New Chainplates

Clark November 30th, 2016

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I had to remove a few chainplates for an unrelated project and one of them broke upon removal. I guess I can count myself lucky it happened this way, rather than in full combat mode. Only 49 years old, and it just fell apart in my hand! I plan to write a strongly-worded letter to these Alpha England people about the quality of their product:
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I blame the dreaded crevice corrosion:
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Years ago I read something about replacing stainless chainplates with titanium, which is stronger, doesn’t corrode, doesn’t crack, and yada yada. I looked into it, and Holy Halyard Slaps! For the price of two simple (meaning flat), small, titanium chainplates I could buy enough 316 stainless bar stock in AND A BRAND NEW DRILL PRESS, which was long overdue:
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Upon further reflection, I might have made them out of silicon bronze, but if my 316 stainless chainplates last half as long as the old ones I’ll come out winning. Brion Toss has a good riff on the subject here.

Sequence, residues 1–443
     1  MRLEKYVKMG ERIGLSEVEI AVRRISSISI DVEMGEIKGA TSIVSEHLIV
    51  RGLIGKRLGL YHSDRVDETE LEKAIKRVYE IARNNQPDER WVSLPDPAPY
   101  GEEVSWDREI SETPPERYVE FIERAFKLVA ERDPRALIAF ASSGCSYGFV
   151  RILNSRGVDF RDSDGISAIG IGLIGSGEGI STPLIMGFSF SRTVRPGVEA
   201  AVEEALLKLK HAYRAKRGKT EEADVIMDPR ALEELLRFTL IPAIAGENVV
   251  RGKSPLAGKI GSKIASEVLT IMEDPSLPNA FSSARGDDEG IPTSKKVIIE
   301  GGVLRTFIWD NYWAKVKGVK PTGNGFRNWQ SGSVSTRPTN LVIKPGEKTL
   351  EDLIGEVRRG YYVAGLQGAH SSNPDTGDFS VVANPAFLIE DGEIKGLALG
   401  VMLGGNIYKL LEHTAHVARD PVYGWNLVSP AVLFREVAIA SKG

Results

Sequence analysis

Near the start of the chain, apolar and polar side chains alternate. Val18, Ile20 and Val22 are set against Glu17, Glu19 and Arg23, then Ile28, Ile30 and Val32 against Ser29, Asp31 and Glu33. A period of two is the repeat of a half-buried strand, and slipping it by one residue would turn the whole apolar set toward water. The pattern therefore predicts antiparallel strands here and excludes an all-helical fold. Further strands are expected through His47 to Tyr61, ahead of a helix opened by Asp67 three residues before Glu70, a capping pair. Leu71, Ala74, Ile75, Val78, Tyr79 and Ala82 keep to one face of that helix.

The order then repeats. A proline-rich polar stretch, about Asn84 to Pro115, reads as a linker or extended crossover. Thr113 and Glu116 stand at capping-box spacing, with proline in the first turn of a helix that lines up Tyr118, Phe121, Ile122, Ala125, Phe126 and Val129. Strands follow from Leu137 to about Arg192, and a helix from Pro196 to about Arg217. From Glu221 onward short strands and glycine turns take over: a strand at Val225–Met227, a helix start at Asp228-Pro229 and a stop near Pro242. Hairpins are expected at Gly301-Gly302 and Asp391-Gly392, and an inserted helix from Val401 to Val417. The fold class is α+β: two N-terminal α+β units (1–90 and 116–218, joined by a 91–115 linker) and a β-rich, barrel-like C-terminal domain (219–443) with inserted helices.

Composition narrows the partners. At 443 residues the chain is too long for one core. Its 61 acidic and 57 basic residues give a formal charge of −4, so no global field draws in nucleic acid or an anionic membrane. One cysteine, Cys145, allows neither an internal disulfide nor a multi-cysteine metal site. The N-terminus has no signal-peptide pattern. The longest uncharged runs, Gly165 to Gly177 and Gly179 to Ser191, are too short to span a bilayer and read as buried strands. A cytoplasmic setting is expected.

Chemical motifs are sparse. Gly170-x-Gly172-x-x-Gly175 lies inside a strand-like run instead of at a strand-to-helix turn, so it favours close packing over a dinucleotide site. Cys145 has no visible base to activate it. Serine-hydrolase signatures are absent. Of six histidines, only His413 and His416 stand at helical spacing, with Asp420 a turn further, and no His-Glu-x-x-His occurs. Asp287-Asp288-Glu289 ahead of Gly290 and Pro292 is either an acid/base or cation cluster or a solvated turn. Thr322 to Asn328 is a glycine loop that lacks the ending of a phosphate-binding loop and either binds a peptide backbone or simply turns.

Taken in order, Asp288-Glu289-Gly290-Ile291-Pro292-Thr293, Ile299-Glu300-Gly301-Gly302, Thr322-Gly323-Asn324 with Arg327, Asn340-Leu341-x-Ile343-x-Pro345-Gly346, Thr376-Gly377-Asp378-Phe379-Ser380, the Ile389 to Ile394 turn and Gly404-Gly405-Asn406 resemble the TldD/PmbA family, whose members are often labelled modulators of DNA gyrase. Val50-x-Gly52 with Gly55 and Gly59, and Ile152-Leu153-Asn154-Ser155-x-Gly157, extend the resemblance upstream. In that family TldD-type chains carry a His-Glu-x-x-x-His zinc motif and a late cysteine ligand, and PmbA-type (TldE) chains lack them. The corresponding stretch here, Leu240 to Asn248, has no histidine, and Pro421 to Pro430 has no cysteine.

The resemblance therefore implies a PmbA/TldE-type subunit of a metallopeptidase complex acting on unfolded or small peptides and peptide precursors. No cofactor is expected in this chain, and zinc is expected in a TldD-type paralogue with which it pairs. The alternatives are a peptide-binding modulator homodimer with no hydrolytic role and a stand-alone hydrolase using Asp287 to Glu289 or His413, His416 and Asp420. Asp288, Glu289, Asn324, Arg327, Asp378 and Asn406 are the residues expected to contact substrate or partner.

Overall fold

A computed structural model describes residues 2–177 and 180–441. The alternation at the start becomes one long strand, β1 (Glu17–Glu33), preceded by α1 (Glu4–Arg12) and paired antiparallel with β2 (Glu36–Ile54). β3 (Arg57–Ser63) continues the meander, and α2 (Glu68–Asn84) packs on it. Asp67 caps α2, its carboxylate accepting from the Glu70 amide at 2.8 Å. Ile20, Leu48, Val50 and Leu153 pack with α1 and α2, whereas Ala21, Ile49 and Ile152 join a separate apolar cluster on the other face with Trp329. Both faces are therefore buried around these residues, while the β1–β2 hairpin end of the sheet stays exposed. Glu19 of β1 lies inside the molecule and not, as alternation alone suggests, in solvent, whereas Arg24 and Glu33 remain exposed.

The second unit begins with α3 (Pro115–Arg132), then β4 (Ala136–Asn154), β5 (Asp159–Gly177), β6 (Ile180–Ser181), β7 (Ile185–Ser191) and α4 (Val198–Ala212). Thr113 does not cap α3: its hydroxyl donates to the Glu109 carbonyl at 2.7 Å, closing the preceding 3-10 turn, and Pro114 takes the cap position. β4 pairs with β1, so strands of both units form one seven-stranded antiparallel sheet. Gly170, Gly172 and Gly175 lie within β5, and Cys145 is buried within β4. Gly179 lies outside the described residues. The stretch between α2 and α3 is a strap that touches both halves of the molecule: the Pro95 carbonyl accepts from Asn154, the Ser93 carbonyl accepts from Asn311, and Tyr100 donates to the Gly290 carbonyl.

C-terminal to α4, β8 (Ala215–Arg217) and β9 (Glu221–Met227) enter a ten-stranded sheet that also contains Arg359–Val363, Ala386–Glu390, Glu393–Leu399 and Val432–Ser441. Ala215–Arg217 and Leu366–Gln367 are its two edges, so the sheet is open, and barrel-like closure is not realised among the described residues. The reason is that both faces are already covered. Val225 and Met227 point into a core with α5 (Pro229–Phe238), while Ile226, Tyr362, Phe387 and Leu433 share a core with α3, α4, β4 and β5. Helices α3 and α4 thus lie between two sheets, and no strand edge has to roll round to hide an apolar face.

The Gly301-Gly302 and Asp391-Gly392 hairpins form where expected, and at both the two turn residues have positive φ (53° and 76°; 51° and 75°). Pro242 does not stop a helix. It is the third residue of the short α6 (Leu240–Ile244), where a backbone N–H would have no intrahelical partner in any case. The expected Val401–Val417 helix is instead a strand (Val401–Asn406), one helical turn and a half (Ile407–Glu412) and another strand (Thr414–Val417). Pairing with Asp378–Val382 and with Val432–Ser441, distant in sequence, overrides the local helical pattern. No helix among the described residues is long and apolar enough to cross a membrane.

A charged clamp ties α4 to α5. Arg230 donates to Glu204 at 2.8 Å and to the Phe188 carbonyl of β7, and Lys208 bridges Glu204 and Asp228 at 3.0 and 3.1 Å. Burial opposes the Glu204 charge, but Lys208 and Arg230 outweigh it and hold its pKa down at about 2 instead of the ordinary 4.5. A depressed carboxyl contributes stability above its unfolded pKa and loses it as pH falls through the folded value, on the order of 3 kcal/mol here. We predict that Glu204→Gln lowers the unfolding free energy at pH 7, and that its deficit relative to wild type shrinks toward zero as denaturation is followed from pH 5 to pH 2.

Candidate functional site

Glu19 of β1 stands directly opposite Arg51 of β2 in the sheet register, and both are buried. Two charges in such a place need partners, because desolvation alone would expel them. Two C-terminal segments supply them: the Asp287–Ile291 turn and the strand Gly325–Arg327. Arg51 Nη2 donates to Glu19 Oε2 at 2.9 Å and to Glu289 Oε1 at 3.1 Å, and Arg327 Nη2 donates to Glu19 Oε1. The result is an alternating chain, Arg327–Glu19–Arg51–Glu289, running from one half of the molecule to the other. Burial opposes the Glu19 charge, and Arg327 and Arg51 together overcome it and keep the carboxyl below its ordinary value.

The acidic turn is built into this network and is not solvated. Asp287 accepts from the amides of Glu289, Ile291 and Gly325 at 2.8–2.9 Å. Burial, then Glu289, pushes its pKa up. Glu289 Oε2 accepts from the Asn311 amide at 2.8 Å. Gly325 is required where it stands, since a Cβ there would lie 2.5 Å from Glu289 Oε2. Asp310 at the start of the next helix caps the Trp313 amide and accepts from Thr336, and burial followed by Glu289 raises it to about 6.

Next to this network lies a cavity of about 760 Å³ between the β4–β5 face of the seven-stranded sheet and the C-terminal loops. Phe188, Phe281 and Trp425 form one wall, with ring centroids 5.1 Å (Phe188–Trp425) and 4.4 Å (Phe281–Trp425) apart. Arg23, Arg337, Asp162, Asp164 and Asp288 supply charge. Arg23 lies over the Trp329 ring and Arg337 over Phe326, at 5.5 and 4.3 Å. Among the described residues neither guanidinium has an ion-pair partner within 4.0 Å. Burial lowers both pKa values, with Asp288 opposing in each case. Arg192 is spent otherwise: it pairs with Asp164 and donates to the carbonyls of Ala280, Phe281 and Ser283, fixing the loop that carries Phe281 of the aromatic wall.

After getting my bar stock from onlinemetals.com and my new benchtop drill press from good old Sears, I set to work. Cutting was straightforward with an angle grinder with a stainless cutting disc, followed by a grinding wheel.

Drilling holes was also straightforward, using the slowest speed on the drill press, and lots of cutting oil. The old chainplates were countersunk for flat head screws. This would not only be a lot of work, but it seems to me it reduces strength by removing material, and provides a lot of hidey holes for crevice corrosion. My new chainplates will have non-countersunk holes and round head screws, with heads standing proud.